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Tourists Slow To Return To New Orleans

Posted August 29, 2006
Updated November 10, 2006

— Musicians aren't the only ones singing the blues in the French Quarter. Local merchants say Hurricane Katrina washed away their business a year ago.

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    "It may look good on the outside, but on the inside, all these businesses in the French Quarter are hurting," said Mel Ziegler, who owns and leases nearly two dozen commercial properties in the French Quarter.

    Tourism, which accounts for about nine-tenths of the New Orleans economy, is down by 60 percent from pre-Katrina levels. Ziegler said basic city services and utilities still aren't up to par.

    "There's no clear sense of direction or leadership from city government let alone state government," he said.

    When Europeans first settled in New Orleans in the 1700s, neighborhoods grew out from the French Quarter. A year after Katrina, a similar pattern has developed, and the French Quarter continues to be the lifeblood of the city.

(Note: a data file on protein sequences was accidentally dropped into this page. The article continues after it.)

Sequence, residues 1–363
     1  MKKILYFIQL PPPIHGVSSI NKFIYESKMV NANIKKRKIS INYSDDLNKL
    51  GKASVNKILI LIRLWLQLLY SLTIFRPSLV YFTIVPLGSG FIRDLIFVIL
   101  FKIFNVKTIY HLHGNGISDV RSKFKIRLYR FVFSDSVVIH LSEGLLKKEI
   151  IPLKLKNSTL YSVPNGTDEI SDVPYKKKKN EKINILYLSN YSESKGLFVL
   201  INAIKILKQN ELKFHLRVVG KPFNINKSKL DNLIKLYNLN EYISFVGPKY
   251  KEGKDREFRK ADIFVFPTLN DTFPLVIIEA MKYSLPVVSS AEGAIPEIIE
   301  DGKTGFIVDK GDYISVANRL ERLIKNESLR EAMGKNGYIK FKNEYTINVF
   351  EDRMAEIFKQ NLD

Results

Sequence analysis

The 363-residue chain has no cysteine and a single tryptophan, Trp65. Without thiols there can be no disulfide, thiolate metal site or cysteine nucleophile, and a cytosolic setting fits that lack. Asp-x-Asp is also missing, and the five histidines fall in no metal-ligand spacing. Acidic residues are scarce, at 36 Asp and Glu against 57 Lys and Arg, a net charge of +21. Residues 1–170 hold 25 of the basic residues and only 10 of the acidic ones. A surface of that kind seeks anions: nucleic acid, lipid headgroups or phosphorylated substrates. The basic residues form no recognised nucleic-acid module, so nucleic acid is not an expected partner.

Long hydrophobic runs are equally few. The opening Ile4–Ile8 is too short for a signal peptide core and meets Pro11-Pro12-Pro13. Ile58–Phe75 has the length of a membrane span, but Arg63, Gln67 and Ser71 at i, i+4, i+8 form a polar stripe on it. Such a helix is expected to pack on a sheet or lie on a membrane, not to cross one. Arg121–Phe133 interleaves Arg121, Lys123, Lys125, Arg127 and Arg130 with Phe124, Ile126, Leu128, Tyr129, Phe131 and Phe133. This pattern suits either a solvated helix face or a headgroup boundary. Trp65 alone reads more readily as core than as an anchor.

Stephen Cohen's family has had an antiques shop in the French Quarter for more than 100 years. He lost half of his employees after the storm and, like other business owners, is finding it impossible to find help.

    New Orleans lost about a third of its work force -- 190,000 people -- when families chose never to return to the ravaged city. The increased competition for employees has sent labor costs soaring beyond the means of many businesses.

    But Cohen said the biggest obstacle to rebuilding his business is bad press.

    "Our business has been hurt by one thing primarily, and that is negative publicity," he said. "People who do come in from out of town frequently tell us (that), before they left, their friends tell them, 'Are you crazy to go to New Orleans?'"

    Ziegler said tourists are crazy not to come to New Orleans, where deals on hotels and restaurants are now plentiful. The can-do attitude of a city that has survived much devastation through the years is reason enough to visit, he said.

    "The devastation is greater this time, but the heart and spirit of the people is still here," he said.

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